2.085
2.106
Large
9.030
5.915
5.019
6.655
mi = 3
2.533
2.615
2.830
2.533
Large
9.448
6.310
5.232
6.996
mi = 3
3.799
1.794
1.254
3.799
Large
17.445
12.564
11.000
13.670
mi = 1
0.643
0.481
0.441
0.643
mi = 3
1.435
1.226
1.109
1.435
Large
22.709
18.361
14.931
18.667
Note: Average percentage deviation over optimum for small instances; over bestknown solution for large instances.
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An ANOVA for the smallest instances (mi = 1) shows that stage skipping PFj is the most important factor among all the instance properties, the algorithms and running time. Stage skipping makes the problem easier, as less tasks are involved. The second most important factor is the algorithms and there is no interaction between these two factors. Although the exact solution used in EGA is complete (i.e., the optimum solution is reachable), this algorithm is on average worse than BGA and SGA , which in turn do not differ significantly for a confidence interval of 99.9%. The results are given in Table 7, together with the results for the other sets of instances. For mi = 3, the percentage of eligible machines PEij is the most important factor. The percentage of eligible machines logically influences the importance of machine assignments. If only half of the machines are eligible, the performance differences are small, but if all machines can process all jobs, the machine assignment rules used in BGA, SGA and SGAR are proven to be more efficient than incorporating the assignments in the representation, as done in SGAM and EGA. For the large instances, the most important factor is NPj , i.e., the number of predecessors. These constraints make the problem harder to solve for the GAs. Again, we find here another counterintuitive result. Presumably, with precedence constraints, less job permutations are feasible and therefore the search space becomes smaller. However, when precedence relations are present, the operators of the GAs are much more time consuming because feasibility checks must be done. Since the algorithms are stopped after a certain amount of CPU time, slow operators lead to worse results. The influence of this precedence constraints factor is especially large for EGA and SGAM (see Figure 3). The complicated EGA operators are especially slow under precedence constraints and SGAM spends more running time on machine assignments and has therefore less time to concentrate on the job sequence, which is more important in the case of precedence constraints.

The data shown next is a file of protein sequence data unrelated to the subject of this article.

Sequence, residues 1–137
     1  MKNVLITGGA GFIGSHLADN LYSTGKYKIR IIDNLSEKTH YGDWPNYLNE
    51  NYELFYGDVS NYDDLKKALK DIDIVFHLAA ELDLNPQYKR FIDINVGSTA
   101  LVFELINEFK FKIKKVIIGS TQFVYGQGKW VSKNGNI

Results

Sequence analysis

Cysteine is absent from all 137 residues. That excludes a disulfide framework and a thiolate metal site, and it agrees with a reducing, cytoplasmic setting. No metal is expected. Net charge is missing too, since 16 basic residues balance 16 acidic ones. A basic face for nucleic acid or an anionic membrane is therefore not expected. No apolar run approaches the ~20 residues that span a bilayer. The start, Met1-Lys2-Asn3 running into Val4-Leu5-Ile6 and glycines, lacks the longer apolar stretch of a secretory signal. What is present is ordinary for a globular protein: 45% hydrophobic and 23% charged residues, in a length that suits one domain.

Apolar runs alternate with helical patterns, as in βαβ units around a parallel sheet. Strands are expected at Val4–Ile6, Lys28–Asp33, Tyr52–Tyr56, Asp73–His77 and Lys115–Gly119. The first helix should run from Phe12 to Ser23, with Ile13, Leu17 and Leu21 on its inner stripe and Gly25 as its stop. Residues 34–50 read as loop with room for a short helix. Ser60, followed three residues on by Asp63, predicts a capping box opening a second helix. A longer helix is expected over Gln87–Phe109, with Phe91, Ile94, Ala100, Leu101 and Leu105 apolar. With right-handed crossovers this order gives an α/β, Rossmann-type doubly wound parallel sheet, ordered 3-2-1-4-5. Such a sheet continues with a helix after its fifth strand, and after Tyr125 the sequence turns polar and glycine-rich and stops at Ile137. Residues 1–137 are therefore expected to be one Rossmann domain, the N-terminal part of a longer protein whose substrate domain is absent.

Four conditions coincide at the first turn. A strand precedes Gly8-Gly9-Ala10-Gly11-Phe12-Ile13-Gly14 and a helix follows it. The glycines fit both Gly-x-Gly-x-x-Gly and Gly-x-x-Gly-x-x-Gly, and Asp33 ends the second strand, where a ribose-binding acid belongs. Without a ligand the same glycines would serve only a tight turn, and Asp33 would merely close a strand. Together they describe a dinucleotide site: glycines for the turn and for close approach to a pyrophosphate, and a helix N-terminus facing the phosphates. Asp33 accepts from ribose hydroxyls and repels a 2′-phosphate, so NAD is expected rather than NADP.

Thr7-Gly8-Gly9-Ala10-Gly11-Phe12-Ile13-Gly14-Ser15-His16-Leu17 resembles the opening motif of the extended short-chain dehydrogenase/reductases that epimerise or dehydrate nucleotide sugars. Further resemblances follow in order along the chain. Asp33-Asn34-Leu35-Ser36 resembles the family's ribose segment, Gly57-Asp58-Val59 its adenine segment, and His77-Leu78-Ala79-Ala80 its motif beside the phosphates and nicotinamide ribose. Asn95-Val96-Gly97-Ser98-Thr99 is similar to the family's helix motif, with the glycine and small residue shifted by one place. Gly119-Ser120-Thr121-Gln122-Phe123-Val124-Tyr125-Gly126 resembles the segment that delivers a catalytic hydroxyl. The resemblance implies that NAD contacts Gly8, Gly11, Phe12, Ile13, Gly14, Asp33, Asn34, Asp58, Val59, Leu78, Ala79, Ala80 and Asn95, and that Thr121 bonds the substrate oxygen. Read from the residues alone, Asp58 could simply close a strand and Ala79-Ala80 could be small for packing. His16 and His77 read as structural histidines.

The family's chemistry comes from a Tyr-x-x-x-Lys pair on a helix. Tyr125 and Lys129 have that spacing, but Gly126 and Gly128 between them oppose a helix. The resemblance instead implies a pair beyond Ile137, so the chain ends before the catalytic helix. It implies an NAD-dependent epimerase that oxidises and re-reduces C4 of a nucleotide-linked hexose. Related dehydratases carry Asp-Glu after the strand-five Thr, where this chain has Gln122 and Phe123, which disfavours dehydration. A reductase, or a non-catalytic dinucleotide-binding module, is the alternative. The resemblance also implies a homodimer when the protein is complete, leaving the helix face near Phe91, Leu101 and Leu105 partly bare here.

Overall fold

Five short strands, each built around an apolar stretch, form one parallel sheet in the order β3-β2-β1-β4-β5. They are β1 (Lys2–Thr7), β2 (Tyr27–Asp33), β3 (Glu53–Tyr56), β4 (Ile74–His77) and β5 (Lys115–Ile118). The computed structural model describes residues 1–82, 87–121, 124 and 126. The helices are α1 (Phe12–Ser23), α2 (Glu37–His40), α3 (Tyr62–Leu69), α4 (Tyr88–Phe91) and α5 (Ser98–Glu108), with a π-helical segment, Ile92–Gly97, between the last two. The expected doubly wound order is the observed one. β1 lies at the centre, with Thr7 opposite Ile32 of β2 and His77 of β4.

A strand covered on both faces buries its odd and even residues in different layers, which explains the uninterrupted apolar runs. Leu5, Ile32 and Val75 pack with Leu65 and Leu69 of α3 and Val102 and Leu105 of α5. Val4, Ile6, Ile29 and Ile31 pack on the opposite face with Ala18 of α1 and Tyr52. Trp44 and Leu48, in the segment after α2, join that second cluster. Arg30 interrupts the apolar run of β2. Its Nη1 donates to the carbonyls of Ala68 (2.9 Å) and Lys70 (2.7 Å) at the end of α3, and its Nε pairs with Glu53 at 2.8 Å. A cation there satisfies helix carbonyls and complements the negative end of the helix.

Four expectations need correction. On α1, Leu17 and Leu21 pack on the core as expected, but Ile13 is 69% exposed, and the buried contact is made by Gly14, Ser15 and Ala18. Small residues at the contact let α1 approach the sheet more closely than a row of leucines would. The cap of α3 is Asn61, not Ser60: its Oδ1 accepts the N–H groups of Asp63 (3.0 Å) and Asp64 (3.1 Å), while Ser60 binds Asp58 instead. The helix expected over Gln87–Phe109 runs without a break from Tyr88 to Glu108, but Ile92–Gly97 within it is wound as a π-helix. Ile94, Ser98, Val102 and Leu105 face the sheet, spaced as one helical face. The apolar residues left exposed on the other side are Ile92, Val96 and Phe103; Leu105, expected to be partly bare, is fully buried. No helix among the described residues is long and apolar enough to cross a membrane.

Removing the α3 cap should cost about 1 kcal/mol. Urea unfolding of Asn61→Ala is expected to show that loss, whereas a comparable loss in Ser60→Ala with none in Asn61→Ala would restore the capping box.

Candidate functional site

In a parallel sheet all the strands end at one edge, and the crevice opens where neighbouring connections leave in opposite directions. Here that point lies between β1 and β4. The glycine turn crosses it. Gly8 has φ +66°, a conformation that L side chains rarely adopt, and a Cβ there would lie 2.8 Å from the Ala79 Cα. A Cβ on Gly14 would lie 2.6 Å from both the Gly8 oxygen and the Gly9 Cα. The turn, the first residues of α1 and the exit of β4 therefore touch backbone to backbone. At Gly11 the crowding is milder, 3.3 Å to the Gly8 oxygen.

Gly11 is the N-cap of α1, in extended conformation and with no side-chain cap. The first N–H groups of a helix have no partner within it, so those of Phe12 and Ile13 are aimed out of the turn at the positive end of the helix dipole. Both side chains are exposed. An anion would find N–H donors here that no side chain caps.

Average Percentage Deviation
Figure 3
Interactions and Tukey 99.9% confidence intervals for the precedence constraints and the GA (large instances) (see online version for colours)
30
NPj 0 U[1,5]
25 20 15 10 5 0 BGA
EGA
SGA
SGAR SGAM
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Genetic algorithms with different representation schemes
Also interesting is the performance of each algorithm for the different allowed running times. For EGA, we see the behaviour one would expect; increasing the allowed running time leads to significantly better results. The same holds, in a weaker sense, for SGAM. There is a clear improvement when increasing t from 5 to 25 milliseconds, but increasing further does not payoff. BGA, SGA and SGAR do obtain better solutions with longer running times, but the difference is quite small. This proves that the algorithms with less direct solution representations and therefore smaller search spaces need less time to explore a large part of the solution space than algorithms based on more verbose representations.